This album features solo keyboard arrangements of works by Carl Philipp Emanuel Bach originally scored for other instruments. In the second half of the eighteenth century the demand for keyboard music increased rapidly, as musical skills became a social requisite for young ladies of the upper classes. To provide compositions for these new keyboard players was financially profitable, but Bach also had another reason for welcoming arrangements: the keyboard instruments were his favorite medium, and he devoted himself to making them into solo instruments as important as the violin and other melody instruments. The eighteen short pieces on this well-filled disc all exist in versions for various small groups of instruments or, in some cases, for mechanical instruments such as the barrel organ. Miklós Spányi has grouped them around three larger-scaled works, of which two are arrangements of symphonies while the Concerto in F major for solo keyboard may in fact be an original composition: a version for keyboard and orchestra exists, but is possibly a later development. In the case of several of the arrangements it is uncertain who made them - some of them only survive in the hand of one of Bach's admirers. In his liner notes to the disc, Spányi proposes that they could in fact be the original versions, however, as he sees a striking similarity to Bach's other, indisputably genuine small keyboard pieces.
This album features solo keyboard arrangements of works by Carl Philipp Emanuel Bach originally scored for other instruments. In the second half of the eighteenth century the demand for keyboard music increased rapidly, as musical skills became a social requisite for young ladies of the upper classes. To provide compositions for these new keyboard players was financially profitable, but Bach also had another reason for welcoming arrangements: the keyboard instruments were his favorite medium, and he devoted himself to making them into solo instruments as important as the violin and other melody instruments. The eighteen short pieces on this well-filled disc all exist in versions for various small groups of instruments or, in some cases, for mechanical instruments such as the barrel organ. Miklós Spányi has grouped them around three larger-scaled works, of which two are arrangements of symphonies while the Concerto in F major for solo keyboard may in fact be an original composition: a version for keyboard and orchestra exists, but is possibly a later development. In the case of several of the arrangements it is uncertain who made them - some of them only survive in the hand of one of Bach's admirers. In his liner notes to the disc, Spányi proposes that they could in fact be the original versions, however, as he sees a striking similarity to Bach's other, indisputably genuine small keyboard pieces.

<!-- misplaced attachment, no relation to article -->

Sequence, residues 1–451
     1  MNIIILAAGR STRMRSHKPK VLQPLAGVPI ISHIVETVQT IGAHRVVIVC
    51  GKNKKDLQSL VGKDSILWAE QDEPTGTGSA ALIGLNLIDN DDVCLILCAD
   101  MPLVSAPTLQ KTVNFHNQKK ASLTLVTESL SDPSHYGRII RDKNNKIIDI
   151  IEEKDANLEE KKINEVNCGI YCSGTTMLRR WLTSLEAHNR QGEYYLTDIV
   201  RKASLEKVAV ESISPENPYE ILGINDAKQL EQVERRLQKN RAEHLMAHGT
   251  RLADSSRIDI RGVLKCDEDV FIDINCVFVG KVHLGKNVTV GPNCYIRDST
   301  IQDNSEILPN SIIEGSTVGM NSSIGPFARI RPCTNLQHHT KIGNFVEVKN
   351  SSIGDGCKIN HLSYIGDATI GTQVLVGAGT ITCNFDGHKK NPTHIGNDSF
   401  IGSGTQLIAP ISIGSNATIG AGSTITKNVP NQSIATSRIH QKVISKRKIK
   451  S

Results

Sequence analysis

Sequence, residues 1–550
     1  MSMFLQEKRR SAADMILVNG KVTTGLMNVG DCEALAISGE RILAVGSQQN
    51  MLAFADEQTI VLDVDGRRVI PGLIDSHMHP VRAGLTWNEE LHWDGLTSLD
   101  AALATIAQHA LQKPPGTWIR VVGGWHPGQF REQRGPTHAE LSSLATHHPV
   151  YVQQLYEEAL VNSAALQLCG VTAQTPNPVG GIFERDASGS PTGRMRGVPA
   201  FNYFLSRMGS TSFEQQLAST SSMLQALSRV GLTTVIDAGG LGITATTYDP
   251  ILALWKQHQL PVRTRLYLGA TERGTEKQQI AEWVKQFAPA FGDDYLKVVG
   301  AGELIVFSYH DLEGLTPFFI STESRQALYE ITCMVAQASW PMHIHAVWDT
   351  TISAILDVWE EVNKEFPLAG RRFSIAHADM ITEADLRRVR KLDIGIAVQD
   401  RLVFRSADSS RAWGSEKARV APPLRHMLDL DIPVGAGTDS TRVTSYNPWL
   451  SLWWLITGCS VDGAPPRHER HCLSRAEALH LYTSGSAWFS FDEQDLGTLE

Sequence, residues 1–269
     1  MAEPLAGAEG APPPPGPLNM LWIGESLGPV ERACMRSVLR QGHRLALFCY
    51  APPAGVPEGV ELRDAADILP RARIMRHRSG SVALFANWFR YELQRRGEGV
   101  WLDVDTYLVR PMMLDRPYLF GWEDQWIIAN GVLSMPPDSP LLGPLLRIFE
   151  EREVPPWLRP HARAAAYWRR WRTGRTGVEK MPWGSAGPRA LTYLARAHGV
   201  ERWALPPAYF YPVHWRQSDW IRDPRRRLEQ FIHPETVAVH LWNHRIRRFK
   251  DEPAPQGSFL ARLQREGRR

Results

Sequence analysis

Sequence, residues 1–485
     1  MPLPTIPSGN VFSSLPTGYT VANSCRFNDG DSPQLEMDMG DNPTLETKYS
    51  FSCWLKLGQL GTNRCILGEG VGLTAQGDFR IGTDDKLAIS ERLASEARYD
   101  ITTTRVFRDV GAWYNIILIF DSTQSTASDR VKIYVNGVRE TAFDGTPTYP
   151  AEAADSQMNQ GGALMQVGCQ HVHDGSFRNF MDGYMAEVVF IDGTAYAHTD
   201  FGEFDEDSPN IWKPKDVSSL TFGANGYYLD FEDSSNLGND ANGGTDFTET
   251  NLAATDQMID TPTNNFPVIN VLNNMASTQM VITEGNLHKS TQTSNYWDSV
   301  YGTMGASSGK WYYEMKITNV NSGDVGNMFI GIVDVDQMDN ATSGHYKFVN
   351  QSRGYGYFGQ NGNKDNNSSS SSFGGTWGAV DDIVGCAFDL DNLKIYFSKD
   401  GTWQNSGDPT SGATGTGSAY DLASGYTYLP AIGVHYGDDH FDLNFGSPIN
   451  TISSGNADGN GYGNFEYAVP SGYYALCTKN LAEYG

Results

7318590023877

Details

Format: CD
Label: BIS
Rel. Date: 05/21/2021
UPC: 7318590023877

Solo Keyboard Music 40
Artist: C Bach .P.E / Spanyi
Format: CD
New: Out of Stock
Wish

Available Formats and Editions

More Info:

This album features solo keyboard arrangements of works by Carl Philipp Emanuel Bach originally scored for other instruments. In the second half of the eighteenth century the demand for keyboard music increased rapidly, as musical skills became a social requisite for young ladies of the upper classes. To provide compositions for these new keyboard players was financially profitable, but Bach also had another reason for welcoming arrangements: the keyboard instruments were his favorite medium, and he devoted himself to making them into solo instruments as important as the violin and other melody instruments. The eighteen short pieces on this well-filled disc all exist in versions for various small groups of instruments or, in some cases, for mechanical instruments such as the barrel organ. Miklós Spányi has grouped them around three larger-scaled works, of which two are arrangements of symphonies while the Concerto in F major for solo keyboard may in fact be an original composition: a version for keyboard and orchestra exists, but is possibly a later development. In the case of several of the arrangements it is uncertain who made them - some of them only survive in the hand of one of Bach's admirers. In his liner notes to the disc, Spányi proposes that they could in fact be the original versions, however, as he sees a striking similarity to Bach's other, indisputably genuine small keyboard pieces.